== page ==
Regs section 1.105-11©(3)(iii) provides that "To the extent that an employer provides benefits under a self-insured medical reimbursement plan to a retired employee that would otherwise be excludible from gross income under section 105(B), determined without regard to section 105(h), such benefits shall not be considered a discriminatory benefit under this paragraph ©. The preceding sentence shall not apply to a retired employee who was a highly compensated individual unless the type, and the dollar limitations, of benefits provided retired employees who were highly compensated individuals are the same for all other retired participants.

The next paragraph of the Regs. provides that An employer may designate two or more plans as constituting a single plan that is intended to satisfy the requirements of section 105(h)(2) and paragraph © of this section, in which case all plans so designated shall be considered as a single plan in determining whether the requirements of such section are satisfied by each of the separate plans. My reading of that provisions is that it is not limited to 2 or more self-funded plans but 2 or more plans when one of them is subject to this test.

It sounds to me as though the IRS did not understand that you meant to exclude HCEs from the VEBA. With whom were you speaking? Try Jim Holland, or even Harry Beker.

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Thanks.

I guess I am again confused. In your post on 8/29/02, you stated that "such reimbursements of premiums are not subject to nondiscrimination requirements . . ." Now you state that "an employer-sponsored PRA that is funded is still subject to the nondiscrimination testing requirements of 105(h) IMHO." This seems to be inconsistent.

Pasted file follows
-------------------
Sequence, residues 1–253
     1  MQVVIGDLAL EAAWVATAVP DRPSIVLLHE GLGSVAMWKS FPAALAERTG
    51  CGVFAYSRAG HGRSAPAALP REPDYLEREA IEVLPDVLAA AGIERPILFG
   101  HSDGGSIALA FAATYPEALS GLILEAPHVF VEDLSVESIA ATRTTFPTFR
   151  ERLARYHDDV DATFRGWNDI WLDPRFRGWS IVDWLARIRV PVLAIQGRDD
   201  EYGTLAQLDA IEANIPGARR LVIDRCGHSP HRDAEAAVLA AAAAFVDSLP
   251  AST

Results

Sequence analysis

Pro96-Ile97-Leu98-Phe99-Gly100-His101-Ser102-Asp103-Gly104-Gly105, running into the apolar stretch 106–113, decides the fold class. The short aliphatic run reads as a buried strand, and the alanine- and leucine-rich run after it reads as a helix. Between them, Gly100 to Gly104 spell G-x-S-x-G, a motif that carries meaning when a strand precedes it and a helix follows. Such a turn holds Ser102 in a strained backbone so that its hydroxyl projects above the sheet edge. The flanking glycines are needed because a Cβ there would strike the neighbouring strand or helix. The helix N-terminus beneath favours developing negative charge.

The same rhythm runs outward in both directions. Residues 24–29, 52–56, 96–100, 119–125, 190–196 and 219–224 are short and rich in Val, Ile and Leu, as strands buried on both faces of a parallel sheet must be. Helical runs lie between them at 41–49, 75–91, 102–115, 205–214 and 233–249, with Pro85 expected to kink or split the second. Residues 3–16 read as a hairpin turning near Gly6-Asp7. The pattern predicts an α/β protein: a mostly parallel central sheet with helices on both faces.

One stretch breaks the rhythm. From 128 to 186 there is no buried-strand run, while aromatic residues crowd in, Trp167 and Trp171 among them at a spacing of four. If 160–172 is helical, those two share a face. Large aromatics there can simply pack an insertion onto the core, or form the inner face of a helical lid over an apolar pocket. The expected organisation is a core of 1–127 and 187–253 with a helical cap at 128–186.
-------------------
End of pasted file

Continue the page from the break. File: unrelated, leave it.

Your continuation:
I'm not sure what relevance Treas. Reg. 1.105-11©(3)(iii) has to this issue because it limits its application to self-insured plans. To determine if a plan is self-insured, the applicable provision is 1.105-11(B). Treas. Reg. 1.105-11©(3)(iii) merely provides an exception to the discrimination rules as they apply to retirees under a self-insured plan if certain conditions are met.

I did a search for commentary on self-insured medical plans (and PRAs) and found a few articles addressing the issue on which we disagree. I found two articles written by Mercer Consultants:

First, "Legal Communique: Health and group benefit plan nondiscrimination testing rules: An overview" written by Mark Hamelburg and Susan Kornetsky in February 2002. In it, the authors write that "The [105] regulations specify that a simple premium reimbursement arrangement--one that reimburses employees for premiums paid under an insured arrangement--is not subject to the nondiscrimination rules."

Second, "GRIST Report: Designing a health reimbursement arrangement to meet recent IRS guidance" written by Mark Hamelburg and Judy Bauserman states that the "105(h) rules for self-insured health plans" do not apply to premium reimbursement arrangements but they do apply to health reimbursement arrangements.